I was asked by the publishers, The Humanist Press, if I would review the latest book on Epicureanism by Hiram Crespo. Hiram is the founder of the Society of Friends of Epicurus. The book is a very useful addition to the literature on Epicurus and I would like to share in full what I said in the review:
“As soon as professional philosophers put pen to paper they seem to equate long words with authority and learning. This puts off most readers, who want ideas set out in accessible English. This book mercifully avoids this pitfall.
Hiram Crespo has done a masterful job in describing the teachings of Epicurus and making them relevant to modern life. He has offered practical advice and tasks that an aspiring Epicurean can undertake, and has linked them with Buddhism and modern research on happiness and the workings of the brain. He has worked hard and has a wealth of useful information for anyone wishing to enjoy a peaceful and pleasant life.
Particularly good is the persuasive section on self-sufficiency, a subject that is not well addressed by other commentators on Epicureanism. Crespo wisely bypasses political Libertarianism, an outgrowth of Epicureanism that can descend into selfishness and lack of the very community spirit that makes this philosophy so powerful, and spells out the benefits of independence and the ability to think for yourself.
One of the legitimate concerns about the decline of organized religion is that children are not being taught morals and ethics, and thus can fall into modes of selfishness and mindless consumerism. Religions can be inconsistent and even harmful in some cases. Epicureanism, focused on the full and pleasant life and wholesome relationships with others, is the rational answer, and “Tending the Epicurean Garden” offers practical advice on how children ( not to mention adults themselves!) can be brought up to live ethical and fulfilling lives.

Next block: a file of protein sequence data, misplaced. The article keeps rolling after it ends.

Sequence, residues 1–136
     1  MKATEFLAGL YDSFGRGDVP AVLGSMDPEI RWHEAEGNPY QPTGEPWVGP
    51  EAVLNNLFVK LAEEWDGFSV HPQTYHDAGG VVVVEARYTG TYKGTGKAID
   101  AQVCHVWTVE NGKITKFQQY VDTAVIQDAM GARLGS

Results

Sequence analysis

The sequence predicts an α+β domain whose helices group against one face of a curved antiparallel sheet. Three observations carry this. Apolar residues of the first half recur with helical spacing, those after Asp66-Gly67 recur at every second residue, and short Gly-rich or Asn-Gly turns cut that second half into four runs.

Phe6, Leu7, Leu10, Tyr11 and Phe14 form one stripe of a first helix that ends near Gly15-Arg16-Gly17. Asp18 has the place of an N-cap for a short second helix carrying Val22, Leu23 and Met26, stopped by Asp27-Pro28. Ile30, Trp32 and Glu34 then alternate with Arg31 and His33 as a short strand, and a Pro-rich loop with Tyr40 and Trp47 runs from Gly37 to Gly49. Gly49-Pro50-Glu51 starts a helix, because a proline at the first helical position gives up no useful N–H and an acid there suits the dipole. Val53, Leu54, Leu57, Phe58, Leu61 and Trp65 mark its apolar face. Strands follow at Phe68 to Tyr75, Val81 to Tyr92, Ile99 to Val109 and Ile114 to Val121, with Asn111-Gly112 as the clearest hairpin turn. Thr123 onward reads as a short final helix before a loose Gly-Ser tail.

My only reservation is his repeated use of the word ” suavity”. This is not just a petty niggle. The Oxford English Dictionary defines it as “charming, sophisticated, debonair, polished, poised and smooth”. It has modern connotations of superficiality and even louchness. Crespo, however, equates suavity with “telling the truth with kindness”. Not the same thing. Epicureanism stands for more than truthfulness. It stands for empathy, consideration, thoughtfulness, politeness, genuine interest in other people, put together with charm and gentle humor. These approaches to others are what help mankind get along together. And they are essential characteristics if, like ancient Epicureans, you are going to criticize your fellow believers, as the ancient followers of Epicurus did, for their own good.
Nonetheless, “Tending the Epicurean Garden” is a breath of fresh air if, like me, you have tried to read the dull prose of some professional philosophers.